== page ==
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NEEP: Centering Equity in the Rules and Regulations of a Building Performance Standard

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Overview

This is a guide for policymakers, regulators, and others involved in program design to use as the rules and regulations for Building Performance Standards are crafted.

History shows that energy and climate policies can perpetuate inequity and create additional economic hardship for already disadvantaged communities. Policies and programs that aim to reduce energy consumption and emissions from buildings tend to favor those with the means and capital required to take on improvement projects. There are many benefits to improving the performance of buildings including reduced energy costs, improved indoor comfort, and healthier living environments. For some, building performance policies facilitate these improvements. For others, these policies impose significant barriers. With state and local governments working towards achieving climate goals, it is critical to develop equitable programs that deliver benefits to all buildings, owners and tenants.

Building performance standards (BPS) are emerging as a tool that policymakers can implement to reduce carbon emissions from the existing building sector. However, these policies need to be designed carefully so they do not perpetuate inequity but instead provide the intended benefits to all building owners. It is critical that policymakers center equity in a BPS by engaging the community using restorative justice principles. Restorative justice is “a process where all the stakeholders affected by an injustice have an opportunity to discuss how they have been affected by the injustice and to decide what should be done to repair the harm.” Regulators should listen to community members and identify specific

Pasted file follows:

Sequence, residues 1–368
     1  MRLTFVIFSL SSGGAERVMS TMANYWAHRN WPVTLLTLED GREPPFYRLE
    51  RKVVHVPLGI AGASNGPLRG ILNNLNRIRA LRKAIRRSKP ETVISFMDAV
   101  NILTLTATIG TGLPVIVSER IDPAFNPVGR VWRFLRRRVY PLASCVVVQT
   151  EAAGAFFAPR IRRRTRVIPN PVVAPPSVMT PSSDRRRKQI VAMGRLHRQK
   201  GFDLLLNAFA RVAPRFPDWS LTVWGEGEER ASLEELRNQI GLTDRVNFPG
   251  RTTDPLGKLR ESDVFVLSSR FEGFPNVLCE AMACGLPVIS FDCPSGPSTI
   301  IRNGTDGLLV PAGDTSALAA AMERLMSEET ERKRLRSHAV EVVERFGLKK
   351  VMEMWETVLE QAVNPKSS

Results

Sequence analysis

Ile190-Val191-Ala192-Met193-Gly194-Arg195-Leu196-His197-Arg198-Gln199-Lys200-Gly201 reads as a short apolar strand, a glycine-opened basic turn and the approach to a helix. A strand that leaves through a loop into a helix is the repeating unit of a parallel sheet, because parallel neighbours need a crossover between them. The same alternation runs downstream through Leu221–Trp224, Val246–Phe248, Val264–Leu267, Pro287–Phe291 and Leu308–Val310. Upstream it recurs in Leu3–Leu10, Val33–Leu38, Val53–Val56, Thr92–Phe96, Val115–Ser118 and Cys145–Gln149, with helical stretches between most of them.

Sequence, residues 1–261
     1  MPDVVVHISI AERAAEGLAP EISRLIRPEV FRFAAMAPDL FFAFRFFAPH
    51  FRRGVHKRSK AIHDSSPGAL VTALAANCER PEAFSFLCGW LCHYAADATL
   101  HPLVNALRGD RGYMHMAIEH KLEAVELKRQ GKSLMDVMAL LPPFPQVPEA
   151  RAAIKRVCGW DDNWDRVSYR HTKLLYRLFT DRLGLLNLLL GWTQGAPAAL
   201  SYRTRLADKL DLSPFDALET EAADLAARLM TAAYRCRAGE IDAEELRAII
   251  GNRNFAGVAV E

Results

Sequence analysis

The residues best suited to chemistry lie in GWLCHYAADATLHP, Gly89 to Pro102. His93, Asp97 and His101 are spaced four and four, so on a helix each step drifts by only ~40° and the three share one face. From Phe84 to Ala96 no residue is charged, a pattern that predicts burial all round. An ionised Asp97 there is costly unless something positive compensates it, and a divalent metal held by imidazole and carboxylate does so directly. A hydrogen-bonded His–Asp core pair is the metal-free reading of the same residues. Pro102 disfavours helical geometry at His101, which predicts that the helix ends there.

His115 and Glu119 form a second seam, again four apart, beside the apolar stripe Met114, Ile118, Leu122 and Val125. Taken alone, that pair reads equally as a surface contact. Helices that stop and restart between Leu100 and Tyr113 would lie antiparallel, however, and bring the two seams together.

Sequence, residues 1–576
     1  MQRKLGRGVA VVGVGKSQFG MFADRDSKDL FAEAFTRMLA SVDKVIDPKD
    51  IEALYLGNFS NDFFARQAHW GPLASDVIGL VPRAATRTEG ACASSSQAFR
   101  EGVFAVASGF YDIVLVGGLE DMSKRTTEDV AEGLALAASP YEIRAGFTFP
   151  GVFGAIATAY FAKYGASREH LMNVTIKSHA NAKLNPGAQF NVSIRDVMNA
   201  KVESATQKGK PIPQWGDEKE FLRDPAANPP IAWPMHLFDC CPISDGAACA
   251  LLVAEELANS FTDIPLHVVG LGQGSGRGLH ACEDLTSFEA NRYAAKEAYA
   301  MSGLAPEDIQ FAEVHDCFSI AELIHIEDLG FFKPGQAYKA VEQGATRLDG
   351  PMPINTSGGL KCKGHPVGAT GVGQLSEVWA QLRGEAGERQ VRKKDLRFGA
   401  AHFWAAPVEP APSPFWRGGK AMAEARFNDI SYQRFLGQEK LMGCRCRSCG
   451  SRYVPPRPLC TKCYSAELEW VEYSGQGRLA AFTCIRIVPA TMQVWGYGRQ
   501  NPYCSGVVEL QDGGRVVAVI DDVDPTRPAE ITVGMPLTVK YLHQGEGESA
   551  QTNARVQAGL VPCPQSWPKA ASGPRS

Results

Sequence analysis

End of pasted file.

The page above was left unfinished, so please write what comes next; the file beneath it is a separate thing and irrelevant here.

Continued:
challenges, needs, and opportunities that can be reflected in the regulations and implementation.

Building performance standards are relatively new in practice and there is no uniform standard for how they are designed or operated. This document is meant to guide policymakers, regulators, and others involved in program design, specifically as the rules and regulations for a BPS are crafted. The sections identify the benefits of a BPS policy, the points of inequity, and specific sections of regulatory development where equity must take center stage. Because every jurisdiction has different needs and barriers, the recommendations in this document are not intended to be exhaustive and may not work for every location.

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